Paper 2022/407

Improving the Privacy of Tor Onion Services

Edward Eaton, Sajin Sasy, and Ian Goldberg


Onion services enable bidirectional anonymity for parties that communicate over the Tor network, thus providing improved privacy properties compared to standard TLS connections. Since these services are designed to support server-side anonymity, the entry points for these services shuffle across the Tor network periodically. In order to connect to an onion service at a given time, the client has to resolve the .onion address for the service, which requires querying volunteer Tor nodes called Hidden Service Directories (HSDirs). However, previous work has shown that these nodes may be untrustworthy, and can learn or leak the metadata about which onion services are being accessed. In this paper, we present a new class of attacks that can be performed by malicious HSDirs against the current generation (v3) of onion services. These attacks target the unlinkability of onion services, allowing some services to be tracked over time. To restore unlinkability, we propose a number of concrete designs that use Private Information Retrieval (PIR) to hide information about which service is being queried, even from the HSDirs themselves. We examine the three major classes of PIR schemes, and analyze their performance, security, and how they fit into Tor in this context. We provide and evaluate implementations and end-to-end integrations, and make concrete suggestions to show how these schemes could be used in Tor to minimize the negative impact on performance while providing the most security.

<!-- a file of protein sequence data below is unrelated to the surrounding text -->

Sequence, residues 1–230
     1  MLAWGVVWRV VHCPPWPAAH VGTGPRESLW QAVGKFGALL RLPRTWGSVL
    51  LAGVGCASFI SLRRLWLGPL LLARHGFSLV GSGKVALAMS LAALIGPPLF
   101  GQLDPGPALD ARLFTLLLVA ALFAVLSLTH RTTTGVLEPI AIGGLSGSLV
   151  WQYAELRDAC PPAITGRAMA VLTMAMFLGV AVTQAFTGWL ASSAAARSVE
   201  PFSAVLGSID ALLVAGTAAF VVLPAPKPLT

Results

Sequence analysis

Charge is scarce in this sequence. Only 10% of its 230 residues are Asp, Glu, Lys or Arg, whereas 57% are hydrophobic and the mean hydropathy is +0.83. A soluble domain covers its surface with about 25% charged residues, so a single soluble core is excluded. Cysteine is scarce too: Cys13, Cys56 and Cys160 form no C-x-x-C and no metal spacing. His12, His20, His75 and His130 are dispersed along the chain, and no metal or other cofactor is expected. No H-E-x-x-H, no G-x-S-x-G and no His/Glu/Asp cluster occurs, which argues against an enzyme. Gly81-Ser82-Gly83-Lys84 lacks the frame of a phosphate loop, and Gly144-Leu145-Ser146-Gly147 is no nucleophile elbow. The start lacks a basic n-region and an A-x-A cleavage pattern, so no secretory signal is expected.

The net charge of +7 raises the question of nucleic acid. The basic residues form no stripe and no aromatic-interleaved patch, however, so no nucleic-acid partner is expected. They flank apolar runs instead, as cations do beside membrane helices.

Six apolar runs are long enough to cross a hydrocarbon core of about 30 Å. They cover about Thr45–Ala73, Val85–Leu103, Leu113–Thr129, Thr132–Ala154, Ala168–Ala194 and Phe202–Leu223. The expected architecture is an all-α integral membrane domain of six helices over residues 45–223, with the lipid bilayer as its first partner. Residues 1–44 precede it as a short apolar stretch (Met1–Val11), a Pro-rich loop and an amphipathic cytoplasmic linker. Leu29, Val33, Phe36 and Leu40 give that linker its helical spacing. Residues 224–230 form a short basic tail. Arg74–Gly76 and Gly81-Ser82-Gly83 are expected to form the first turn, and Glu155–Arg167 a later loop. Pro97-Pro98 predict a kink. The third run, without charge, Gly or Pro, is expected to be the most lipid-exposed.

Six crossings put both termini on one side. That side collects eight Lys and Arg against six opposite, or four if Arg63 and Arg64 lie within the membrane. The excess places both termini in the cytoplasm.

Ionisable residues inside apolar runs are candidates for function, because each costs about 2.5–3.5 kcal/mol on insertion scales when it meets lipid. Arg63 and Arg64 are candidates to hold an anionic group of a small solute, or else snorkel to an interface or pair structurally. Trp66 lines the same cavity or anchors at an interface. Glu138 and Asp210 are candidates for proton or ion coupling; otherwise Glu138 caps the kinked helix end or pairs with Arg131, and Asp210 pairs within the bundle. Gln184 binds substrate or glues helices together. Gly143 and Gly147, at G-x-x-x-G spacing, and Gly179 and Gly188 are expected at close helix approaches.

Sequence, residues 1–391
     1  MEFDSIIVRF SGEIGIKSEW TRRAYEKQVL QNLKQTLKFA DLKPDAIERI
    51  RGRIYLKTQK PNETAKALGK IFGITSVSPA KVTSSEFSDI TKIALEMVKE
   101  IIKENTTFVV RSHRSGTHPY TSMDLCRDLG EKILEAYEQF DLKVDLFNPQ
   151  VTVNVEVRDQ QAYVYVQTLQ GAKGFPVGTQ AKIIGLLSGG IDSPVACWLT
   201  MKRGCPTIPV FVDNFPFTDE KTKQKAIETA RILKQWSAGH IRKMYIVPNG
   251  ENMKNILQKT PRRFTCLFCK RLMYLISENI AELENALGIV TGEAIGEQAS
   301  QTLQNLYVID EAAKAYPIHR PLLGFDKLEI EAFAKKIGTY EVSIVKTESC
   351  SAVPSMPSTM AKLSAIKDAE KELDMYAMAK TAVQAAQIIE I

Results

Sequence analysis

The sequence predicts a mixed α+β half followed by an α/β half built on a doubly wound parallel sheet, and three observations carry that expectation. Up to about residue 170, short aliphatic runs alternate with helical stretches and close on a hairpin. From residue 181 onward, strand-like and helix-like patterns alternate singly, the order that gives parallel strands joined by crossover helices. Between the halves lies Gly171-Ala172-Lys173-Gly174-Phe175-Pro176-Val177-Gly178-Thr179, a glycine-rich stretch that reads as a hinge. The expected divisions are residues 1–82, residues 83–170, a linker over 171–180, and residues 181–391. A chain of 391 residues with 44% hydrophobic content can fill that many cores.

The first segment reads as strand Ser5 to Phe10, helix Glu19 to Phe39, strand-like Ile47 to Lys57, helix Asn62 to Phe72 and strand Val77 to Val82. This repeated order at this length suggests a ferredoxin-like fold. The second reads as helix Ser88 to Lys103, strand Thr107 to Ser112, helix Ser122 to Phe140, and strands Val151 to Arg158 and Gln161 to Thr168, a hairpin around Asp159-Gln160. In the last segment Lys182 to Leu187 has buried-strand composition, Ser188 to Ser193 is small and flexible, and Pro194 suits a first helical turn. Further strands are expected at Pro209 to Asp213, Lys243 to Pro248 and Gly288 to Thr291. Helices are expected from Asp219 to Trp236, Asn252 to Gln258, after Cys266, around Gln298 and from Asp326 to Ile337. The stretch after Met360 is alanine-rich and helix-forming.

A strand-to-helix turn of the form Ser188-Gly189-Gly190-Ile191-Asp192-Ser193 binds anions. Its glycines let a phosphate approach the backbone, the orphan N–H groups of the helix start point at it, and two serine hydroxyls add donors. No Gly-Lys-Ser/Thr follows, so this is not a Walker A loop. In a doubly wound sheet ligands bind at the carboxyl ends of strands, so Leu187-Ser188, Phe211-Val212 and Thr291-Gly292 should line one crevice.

Available format(s)
Publication info
Published elsewhere. Major revision. ACNS 2022
TorOnion ServicesUnlinkabilityPIR
Contact author(s)
eeaton @ uwaterloo ca
ssasy @ uwaterloo ca
iang @ uwaterloo ca
2022-03-31: received
Short URL
Creative Commons Attribution


      author = {Edward Eaton and Sajin Sasy and Ian Goldberg},
      title = {Improving the Privacy of Tor Onion Services},
      howpublished = {Cryptology ePrint Archive, Paper 2022/407},
      year = {2022},
      note = {\url{}},
      url = {}
Note: In order to protect the privacy of readers, does not use cookies or embedded third party content.